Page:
The simple approach to losing weight involves eating less, improving your diet and doing more exercise. Sometimes medication prescribed by your GP can help.
There are also other surgical options to gastric balloons, such as shortening your digestive tract, called a sleeve gastrectomy; by-passing your stomach and part of your intestinal tract with a gastric bypass or gastric banding which create a small pouch at the top of the stomach that limits the quantity of food than can be consumed.
All of these are major surgical procedures that normally involve a hospital stay. However the balloon has fewer complications in installation and there is a lower risk of serious complications. Recovery in the more invasive procedures is also usually slower.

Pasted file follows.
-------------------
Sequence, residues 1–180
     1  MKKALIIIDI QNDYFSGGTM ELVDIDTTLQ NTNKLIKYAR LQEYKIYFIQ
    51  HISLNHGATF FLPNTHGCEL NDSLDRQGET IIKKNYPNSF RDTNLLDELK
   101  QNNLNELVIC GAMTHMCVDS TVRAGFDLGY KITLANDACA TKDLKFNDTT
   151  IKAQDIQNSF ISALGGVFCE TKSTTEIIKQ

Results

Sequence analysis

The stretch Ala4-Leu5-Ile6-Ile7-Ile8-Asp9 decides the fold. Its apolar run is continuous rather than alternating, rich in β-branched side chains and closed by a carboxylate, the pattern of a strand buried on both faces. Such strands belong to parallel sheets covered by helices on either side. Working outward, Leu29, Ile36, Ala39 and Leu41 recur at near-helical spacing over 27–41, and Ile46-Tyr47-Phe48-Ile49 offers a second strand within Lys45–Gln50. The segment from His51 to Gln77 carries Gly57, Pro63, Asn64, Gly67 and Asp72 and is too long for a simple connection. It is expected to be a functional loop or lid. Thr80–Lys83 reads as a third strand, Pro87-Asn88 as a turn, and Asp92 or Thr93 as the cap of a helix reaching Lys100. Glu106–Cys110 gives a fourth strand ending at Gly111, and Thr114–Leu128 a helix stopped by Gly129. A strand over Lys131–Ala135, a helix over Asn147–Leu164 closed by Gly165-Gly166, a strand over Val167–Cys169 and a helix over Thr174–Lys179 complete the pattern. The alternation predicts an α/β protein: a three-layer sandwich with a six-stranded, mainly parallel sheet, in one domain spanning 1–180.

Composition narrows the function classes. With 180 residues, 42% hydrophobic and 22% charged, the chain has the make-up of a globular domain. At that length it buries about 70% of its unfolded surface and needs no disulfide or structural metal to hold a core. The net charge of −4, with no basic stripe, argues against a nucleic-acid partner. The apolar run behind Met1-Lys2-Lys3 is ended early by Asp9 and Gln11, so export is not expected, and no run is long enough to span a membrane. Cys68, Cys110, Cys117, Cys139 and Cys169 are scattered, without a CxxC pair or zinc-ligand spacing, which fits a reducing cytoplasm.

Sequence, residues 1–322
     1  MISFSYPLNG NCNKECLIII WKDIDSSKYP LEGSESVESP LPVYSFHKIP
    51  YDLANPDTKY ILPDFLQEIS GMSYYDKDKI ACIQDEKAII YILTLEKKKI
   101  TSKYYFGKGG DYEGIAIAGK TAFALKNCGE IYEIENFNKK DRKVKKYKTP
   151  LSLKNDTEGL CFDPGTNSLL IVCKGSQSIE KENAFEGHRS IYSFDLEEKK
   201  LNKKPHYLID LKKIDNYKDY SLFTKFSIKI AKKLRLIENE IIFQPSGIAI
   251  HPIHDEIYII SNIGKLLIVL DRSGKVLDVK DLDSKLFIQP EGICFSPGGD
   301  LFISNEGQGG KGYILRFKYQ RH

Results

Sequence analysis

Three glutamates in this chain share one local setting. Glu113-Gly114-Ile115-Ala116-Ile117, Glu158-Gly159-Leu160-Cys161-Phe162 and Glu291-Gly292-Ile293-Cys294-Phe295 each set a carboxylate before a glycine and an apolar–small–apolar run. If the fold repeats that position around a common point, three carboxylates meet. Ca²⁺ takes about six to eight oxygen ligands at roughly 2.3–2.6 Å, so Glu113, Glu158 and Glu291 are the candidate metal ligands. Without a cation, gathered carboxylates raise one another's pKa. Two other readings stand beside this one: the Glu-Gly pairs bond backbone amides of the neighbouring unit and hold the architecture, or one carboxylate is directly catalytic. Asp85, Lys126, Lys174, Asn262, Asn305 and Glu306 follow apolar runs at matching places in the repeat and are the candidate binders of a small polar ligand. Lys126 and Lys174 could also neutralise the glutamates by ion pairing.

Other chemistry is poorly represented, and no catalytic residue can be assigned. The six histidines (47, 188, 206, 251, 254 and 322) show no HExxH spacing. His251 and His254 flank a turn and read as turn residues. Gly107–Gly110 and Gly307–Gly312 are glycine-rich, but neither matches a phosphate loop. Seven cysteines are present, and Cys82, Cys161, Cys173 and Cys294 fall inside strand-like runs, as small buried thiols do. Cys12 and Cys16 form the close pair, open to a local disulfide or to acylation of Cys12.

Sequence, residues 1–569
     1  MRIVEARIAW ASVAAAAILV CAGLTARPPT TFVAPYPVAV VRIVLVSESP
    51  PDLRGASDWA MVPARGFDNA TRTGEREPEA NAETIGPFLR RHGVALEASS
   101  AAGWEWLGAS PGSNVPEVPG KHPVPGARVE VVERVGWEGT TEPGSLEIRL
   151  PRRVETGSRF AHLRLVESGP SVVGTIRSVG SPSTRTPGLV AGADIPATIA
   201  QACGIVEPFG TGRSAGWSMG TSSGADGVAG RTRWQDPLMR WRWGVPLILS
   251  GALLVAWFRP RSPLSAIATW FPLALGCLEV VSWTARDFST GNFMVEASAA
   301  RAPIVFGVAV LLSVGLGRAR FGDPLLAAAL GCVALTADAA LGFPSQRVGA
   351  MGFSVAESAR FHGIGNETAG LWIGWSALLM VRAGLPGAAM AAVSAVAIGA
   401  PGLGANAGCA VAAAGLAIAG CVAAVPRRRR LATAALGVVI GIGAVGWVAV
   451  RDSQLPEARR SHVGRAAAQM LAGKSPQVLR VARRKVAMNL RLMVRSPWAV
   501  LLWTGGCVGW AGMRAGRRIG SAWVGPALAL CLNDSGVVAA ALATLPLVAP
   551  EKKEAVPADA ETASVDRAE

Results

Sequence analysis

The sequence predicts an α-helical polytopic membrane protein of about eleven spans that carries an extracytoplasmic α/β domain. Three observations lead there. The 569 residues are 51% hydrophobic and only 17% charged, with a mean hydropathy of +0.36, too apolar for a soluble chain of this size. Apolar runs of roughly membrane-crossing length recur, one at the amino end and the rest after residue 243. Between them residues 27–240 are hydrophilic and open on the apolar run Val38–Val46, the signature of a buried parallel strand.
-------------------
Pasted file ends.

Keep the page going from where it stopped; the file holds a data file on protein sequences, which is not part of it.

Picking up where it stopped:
What does the gastric balloon operation involve?
Gastric balloon installation
- The gastric balloon is introduced into the stomach through the mouth
- Your surgeon will perform an initial examination of your stomach using an endoscopic camera
- If no abnormalities are observed, your surgeon will proceed with placement of the balloon through your mouth and down your oesophagus into your stomach
- The balloon is made of a soft and pliable silicone elastomer material and is inserted while in its smallest, deflated form
- The swallowing process is made easier with the help of a throat spray which numbs the throat area
- Muscle relaxing medications are also used
- Once the balloon is inside your stomach, it is immediately filled with sterile saline through a small filling tube (catheter) attached to the balloon
- Once filled, your surgeon will remove the catheter by gently pulling on the external end
- The balloon has a self-sealing valve, and at this point the balloon is floating freely in your stomach
- Placement times vary, but it will usually take 20-30 minutes, after which you will be monitored by the weight loss surgeon for a short time and then may return home.
How long Is the gastric balloon left in place?
- The balloon may remain in place for six months